2018 FIFA World Cup Is Shattering Live-Streaming Records

Streaming video tech company Akamai, which has been supporting live streaming for the 2018 FIFA World Cup, reports that the tournament is the largest sporting event in which the company has been involved. The World Cup from Russia has experienced a major increase in live-streaming traffic, with the first 10 days surpassing traffic for all 64 matches of the 2014 event in Brazil. According to Akamai, the current tournament has delivered more than twice the streaming video traffic of four years ago and more than 15 times the video delivered in 2010. Continue reading 2018 FIFA World Cup Is Shattering Live-Streaming Records

Team Builds Practical Quantum Random Number Generator

Security solutions provider Quantum Base and England’s Lancaster University have developed a quantum random number generator that could become a major step in combatting cyberattacks. The generator can easily be embedded in electronic devices to provide quantum security for authentication. “We have created a small, low power device that produces pure random numbers,” explains Quantum Base CEO Phillip Speed. “It can be incorporated into any electronic product with little or no incremental cost once volume production is achieved.” Continue reading Team Builds Practical Quantum Random Number Generator

Facebook Pulls the Plug on its Aquila Solar-Powered Aircraft

Facebook announced that it is grounding a solar-powered aircraft project it originally hoped would have used laser technology to help provide Internet access for underserved communities. In an effort to connect the nearly 4 billion people around the world who still do not have Internet access, the company has been working for several years from Bridgwater, UK on a high altitude platform station (HAPS) system called Aquila. Rather than continue to develop its own aircraft, however, Facebook has opted to partner with companies such as Airbus and close its facility in Bridgwater. Continue reading Facebook Pulls the Plug on its Aquila Solar-Powered Aircraft

Uber Wins Appeal, Regains its License to Operate in London

Uber won an appeal yesterday that will allow the company to operate in London for 15 months. A judge overturned a ban so that Uber will regain its taxi license, after agreeing to increased government oversight. Regulatory agency Transport for London withdrew the company’s license last fall and Uber has been unable to operate during the appeals process. Transport for London had accused Uber of showing a “lack of corporate responsibility” regarding “public safety and security.” The decision marks a victory for Uber’s new CEO Dara Khosrowshahi, who replaced Travis Kalanick last year. Continue reading Uber Wins Appeal, Regains its License to Operate in London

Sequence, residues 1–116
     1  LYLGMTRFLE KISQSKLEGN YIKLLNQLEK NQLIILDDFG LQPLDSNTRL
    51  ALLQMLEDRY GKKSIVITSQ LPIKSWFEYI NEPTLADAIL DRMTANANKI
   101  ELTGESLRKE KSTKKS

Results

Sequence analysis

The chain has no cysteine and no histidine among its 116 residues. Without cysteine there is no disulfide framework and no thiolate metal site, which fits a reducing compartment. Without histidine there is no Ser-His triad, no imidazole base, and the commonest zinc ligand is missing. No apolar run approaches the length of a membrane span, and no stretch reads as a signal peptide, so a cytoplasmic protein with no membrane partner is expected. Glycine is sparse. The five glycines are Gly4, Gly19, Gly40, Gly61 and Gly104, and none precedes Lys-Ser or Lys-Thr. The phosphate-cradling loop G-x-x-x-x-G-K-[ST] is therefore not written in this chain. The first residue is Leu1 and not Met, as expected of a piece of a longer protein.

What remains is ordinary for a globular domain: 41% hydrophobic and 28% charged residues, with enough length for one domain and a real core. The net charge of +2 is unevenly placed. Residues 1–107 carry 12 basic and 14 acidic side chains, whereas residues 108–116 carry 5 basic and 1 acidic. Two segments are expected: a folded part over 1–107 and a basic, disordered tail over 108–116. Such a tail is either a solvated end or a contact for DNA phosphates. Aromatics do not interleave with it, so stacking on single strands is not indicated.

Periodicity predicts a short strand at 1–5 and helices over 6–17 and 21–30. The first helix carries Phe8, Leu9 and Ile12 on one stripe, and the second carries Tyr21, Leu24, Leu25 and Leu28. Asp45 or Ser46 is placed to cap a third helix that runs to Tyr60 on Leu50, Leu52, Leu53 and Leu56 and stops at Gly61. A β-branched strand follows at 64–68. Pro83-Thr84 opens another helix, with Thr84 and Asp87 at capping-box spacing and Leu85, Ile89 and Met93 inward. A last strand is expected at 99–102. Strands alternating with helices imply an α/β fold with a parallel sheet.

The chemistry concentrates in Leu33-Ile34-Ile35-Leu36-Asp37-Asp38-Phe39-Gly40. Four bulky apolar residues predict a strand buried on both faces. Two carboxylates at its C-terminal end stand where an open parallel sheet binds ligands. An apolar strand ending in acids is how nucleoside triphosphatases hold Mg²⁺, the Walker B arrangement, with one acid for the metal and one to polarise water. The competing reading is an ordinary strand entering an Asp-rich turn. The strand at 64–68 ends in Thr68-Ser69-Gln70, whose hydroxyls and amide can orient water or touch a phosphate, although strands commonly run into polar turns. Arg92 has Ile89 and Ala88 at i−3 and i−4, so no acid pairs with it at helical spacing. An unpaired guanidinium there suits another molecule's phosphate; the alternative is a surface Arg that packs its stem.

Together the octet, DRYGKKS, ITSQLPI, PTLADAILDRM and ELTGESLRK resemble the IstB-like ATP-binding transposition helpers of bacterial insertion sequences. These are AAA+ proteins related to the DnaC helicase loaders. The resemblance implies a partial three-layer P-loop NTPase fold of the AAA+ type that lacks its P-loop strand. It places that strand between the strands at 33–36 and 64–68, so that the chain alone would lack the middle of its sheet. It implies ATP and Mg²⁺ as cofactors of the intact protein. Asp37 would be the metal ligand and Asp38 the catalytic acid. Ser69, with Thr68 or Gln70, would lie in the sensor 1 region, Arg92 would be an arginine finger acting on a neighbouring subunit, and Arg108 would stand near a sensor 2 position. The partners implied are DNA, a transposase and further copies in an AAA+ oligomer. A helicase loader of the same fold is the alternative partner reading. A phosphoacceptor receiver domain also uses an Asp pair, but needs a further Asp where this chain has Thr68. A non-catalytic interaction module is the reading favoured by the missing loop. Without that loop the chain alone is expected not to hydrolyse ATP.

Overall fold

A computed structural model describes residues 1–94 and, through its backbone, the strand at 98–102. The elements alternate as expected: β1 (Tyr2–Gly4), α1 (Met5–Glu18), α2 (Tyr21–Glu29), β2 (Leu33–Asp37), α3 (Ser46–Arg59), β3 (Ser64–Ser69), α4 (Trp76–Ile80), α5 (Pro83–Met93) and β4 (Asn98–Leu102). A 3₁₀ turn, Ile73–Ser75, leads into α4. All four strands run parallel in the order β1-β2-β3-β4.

ESPN to Cover More Than 500 Wimbledon Tennis Matches

For the first time, ESPN will have cameras on all 18 courts at Wimbledon to offer complete coverage of more than 500 matches, including this week’s four days of qualifiers. Tennis fans can stream coverage from the All England Club on ESPN, ESPN2, ESPN3 and ESPN+ via the ESPN App. The sports network is also planning to televise about 140 hours on ESPN, ESPN2 and ABC. Additionally, the network will offer daily highlights, weekly reviews, press conference feeds, social buzz, related specials, and a marathon of notable matches on ESPN Classic. Continue reading ESPN to Cover More Than 500 Wimbledon Tennis Matches

Mozilla and Others Pull Facebook Ads Over Privacy Concerns

Following the now widespread reports of Cambridge Analytica’s use of Facebook user data, some companies are pulling ads from the social media giant, in large part due to “consumer backlash and questions from lawmakers” over the company’s privacy policy, reports Engadget. Mozilla has pulled its ads, claiming to have taken a closer look at Facebook’s current privacy settings, particularly related to third-party apps. Many other companies around the world are considering a similar ad-related move, according to the article.

Continue reading Mozilla and Others Pull Facebook Ads Over Privacy Concerns

London Pulls Uber’s License to Operate, Uber Appeals Ruling

London cut Uber’s license to operate, which will expire September 30. London said that Uber lacked corporate responsibility and was not fit and proper to hold a private vehicle hire licenses. Uber has 40,000 drivers and 3.5 million users in London. Transport for London (TfL), the agency that oversees the city’s cabs, buses and subways, said it would allow Uber to operate until the conclusion of the appeals process. TfL also cited Uber’s background checks on drivers, its approach to reporting serious criminal offenses and Greyball, a software that could block regulators from accessing the app. Continue reading London Pulls Uber’s License to Operate, Uber Appeals Ruling

Amazon Makes its First Commercial Drone Delivery in the UK